This diagram is a stylised representation of a distributed database:

 distributed-database

In a distributed database, nodes cooperate to maintain a consistent view that they present to the outside world; they cooperate to maintain rigorous access control and they validate information they receive from the outside world.

So it’s no surprise that distributed databases are invariably operated by a single entity: the nodes of the system assume the other nodes are “just as diligent” as them: they freely share information with each other and take information from each other on trust. A distributed database operated by mutually distrusting entities is almost a contradiction in terms.

And, of course, if you have a business problem where you are happy to rely on a central operator to maintain your records – as you sometimes can in finance it should be said – then a distributed database will do just fine: let the central operator run it for you.  But if you need to maintain your own records, in synchrony with your peers, this architecture simply won’t do.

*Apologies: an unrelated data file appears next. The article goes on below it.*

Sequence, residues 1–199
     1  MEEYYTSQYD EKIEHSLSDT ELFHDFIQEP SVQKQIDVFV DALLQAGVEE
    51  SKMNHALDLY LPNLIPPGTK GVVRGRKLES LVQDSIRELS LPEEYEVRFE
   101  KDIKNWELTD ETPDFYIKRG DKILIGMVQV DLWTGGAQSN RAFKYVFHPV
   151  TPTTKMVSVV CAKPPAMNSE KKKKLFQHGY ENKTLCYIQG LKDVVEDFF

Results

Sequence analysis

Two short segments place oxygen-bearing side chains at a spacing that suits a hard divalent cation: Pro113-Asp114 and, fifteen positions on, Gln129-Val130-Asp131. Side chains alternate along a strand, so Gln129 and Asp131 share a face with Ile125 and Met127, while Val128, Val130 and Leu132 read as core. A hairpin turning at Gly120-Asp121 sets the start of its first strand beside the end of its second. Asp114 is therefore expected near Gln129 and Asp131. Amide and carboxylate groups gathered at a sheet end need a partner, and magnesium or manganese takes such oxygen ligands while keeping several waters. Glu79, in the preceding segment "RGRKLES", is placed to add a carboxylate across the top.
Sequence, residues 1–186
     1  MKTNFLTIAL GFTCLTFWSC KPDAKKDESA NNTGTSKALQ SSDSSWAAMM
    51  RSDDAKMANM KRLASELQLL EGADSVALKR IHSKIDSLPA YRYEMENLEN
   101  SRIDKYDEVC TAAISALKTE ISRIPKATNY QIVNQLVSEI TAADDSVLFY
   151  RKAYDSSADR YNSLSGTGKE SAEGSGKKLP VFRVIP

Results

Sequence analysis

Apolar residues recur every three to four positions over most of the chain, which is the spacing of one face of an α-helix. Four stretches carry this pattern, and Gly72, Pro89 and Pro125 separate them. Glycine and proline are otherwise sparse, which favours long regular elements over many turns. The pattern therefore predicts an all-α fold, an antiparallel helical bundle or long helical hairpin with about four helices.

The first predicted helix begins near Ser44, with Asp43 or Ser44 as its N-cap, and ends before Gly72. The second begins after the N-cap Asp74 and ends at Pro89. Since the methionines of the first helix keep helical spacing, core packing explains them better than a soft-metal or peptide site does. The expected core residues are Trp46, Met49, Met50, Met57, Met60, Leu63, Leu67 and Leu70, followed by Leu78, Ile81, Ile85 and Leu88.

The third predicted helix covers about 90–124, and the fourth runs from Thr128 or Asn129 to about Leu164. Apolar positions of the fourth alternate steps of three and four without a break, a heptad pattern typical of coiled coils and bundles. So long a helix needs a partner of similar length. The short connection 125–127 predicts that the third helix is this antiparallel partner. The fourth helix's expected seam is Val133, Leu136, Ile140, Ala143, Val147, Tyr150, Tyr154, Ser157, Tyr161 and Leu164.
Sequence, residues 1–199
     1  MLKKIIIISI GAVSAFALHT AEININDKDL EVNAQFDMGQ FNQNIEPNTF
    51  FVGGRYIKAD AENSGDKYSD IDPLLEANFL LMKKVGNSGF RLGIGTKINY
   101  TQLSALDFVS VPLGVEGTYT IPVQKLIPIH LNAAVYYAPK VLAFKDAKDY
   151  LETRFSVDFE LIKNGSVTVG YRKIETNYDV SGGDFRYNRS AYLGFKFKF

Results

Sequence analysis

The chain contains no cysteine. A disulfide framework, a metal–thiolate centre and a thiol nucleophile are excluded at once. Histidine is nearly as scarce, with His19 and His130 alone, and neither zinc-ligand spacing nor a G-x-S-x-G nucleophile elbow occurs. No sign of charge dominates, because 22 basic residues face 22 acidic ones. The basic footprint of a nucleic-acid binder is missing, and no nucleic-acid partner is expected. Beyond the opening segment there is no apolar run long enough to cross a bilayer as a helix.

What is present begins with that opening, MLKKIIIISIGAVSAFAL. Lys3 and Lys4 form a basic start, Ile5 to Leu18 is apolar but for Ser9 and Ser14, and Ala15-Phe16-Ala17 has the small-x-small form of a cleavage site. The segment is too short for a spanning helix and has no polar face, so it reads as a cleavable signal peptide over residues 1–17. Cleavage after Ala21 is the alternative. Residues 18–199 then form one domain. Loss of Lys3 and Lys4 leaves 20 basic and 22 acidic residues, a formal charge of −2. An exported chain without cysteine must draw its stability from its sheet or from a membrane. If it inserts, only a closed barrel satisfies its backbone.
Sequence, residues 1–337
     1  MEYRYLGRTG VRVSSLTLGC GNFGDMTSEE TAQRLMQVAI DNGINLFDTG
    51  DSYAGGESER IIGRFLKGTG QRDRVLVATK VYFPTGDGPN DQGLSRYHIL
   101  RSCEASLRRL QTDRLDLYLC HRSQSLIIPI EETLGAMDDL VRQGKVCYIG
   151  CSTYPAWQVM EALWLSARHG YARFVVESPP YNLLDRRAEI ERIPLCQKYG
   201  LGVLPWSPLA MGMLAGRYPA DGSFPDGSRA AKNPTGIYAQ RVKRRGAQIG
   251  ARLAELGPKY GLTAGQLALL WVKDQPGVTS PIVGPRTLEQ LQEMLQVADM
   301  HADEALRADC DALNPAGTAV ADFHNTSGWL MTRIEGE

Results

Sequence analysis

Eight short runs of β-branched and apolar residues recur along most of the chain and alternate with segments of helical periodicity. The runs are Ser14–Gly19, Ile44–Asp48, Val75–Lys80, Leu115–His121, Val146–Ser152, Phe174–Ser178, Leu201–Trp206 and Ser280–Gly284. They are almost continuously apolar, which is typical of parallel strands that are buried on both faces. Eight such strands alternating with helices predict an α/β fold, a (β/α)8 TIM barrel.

And there are huge numbers of situations where we need to maintain accurate, shared records with our counterparts. Indeed, a vast amount of the cost and inefficiency in today’s financial markets stems from the fact that it has been so difficult to achieve this. Until now.

Corda helps parties collaborate to maintain shared data without fully trusting each other

Corda is designed to allow parties to collaborate with their peers to maintain shared records, without having to trust each other fully. So Corda faces a very different world to a distributed database.

A Corda node can not assume the data it receives from a peer is valid: the peer is probably operated by a completely different entity and even if they know who that entity is, it’s still extremely prudent to verify the information.   Moreover, if a Corda node sends data to another node, it must assume that node might print it all in an advert on the front page of the New York Times.

The trust boundaries – the red curves in the diagram- are drawn in a completely different place!

decentralised-database

In Corda, nodes are operated by different organisations and do NOT trust each other; but the outcome is still a consistent view of data.